The Art of the Con: Artist Targeted by Scammers - WBAY

Target 2 Consumer Alert

The Art of the Con: Artist Targeted by Scammers


When someone talks to you about something you're interested in, you're probably more likely to listen.  Con artists are using that knowledge to target people based on their passions in life.

Artist Harold Beard Sr. found out first hand.  He never imagined his passion could make him a target for a scam.

"She saw these 3 pieces, and said, 'I really like them, can you get me a price on them?'"

The call came from a woman who said she saw his artwork online and was interested in buying some art before she moved to South Africa.
Beard thought it sounded suspicious.

"I'm immediately thinking, 'I'm not going to give her this address,'" said Beard. "I go to the UPS store to open a P.O. Box. And that's what I sent her, and I thought 'this is really phony.'"

After he gave out the address, he got a note from a shipping company.

"I immediately looked up on the Internet the shipper and it was a legitimate company, and I'm starting to get a little stoked about this. I'm thinking, 'this is looking really good,'" said Beard.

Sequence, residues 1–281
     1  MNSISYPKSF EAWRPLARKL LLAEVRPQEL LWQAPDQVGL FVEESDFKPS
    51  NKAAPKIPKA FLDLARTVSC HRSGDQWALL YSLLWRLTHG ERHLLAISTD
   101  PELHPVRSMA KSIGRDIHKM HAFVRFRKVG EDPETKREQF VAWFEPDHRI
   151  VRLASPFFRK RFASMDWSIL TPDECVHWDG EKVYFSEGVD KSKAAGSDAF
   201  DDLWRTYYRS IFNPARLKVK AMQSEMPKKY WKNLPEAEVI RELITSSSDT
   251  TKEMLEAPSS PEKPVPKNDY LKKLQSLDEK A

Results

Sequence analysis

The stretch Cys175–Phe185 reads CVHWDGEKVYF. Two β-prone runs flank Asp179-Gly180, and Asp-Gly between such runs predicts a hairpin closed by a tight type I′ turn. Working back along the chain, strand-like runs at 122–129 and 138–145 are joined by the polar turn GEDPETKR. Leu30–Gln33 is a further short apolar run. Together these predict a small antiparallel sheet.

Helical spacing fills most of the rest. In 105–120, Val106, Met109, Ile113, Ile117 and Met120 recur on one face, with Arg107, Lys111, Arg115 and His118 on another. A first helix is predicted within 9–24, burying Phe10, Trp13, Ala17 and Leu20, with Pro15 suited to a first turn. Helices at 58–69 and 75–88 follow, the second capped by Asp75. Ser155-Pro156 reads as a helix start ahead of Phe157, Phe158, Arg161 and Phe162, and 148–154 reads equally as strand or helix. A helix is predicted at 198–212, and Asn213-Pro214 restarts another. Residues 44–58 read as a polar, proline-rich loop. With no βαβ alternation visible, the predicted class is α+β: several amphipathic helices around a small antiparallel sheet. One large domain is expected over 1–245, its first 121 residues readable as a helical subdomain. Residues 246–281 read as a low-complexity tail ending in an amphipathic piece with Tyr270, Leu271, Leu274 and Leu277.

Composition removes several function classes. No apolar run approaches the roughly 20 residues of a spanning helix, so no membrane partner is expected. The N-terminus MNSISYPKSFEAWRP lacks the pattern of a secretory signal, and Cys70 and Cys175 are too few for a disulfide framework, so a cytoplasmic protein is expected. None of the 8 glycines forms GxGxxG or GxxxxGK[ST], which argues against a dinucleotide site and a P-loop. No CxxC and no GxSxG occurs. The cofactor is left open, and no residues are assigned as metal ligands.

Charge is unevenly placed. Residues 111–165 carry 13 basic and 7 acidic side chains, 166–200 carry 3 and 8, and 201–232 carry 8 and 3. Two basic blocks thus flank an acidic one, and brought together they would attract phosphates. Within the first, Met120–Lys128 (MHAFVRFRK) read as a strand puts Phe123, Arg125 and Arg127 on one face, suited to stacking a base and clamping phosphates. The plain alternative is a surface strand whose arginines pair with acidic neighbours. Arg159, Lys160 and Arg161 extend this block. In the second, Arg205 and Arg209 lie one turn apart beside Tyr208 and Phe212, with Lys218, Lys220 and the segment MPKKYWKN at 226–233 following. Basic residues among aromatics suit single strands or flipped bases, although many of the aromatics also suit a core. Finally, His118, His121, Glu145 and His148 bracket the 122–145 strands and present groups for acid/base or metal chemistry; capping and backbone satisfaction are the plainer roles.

Joy turned to disappointment when Harold learned from other artists that they also were being targeted.
Postal inspectors call it spear phishing: when scammers zero in on a specific group of people who know each other.

"When they converse, it makes the artist really excited. 'Oh, this is someone who really knows about artwork and they want my art,'" said Ricky Vida, U.S. Postal Inspector.

When Harold got a $3,000 check he knew the whole thing was a scam.
The buyer said she "accidentally" sent too much money, and asked Harold to cash the check, take his share and send the rest back to the buyer.

"They use this urgency to have them send the money right away or before they talk to other people," said Vida.

"I like to think I would have caught on, but I'm not sure," said Beard. "And it kind of scares me that I was taken by this. I want to think I wouldn't have completely gone into it, but I'm not sure."

Harold framed that fake $3,000 check and keeps it in his studio as a reminder to always be cautious.

Postal inspectors say members of any club or group with a common interest--like parents of children attending the same school--can end up being targeted by con artists.
Their strategy includes creating a message precisely designed to get around spam filters so they reach their intended victims.

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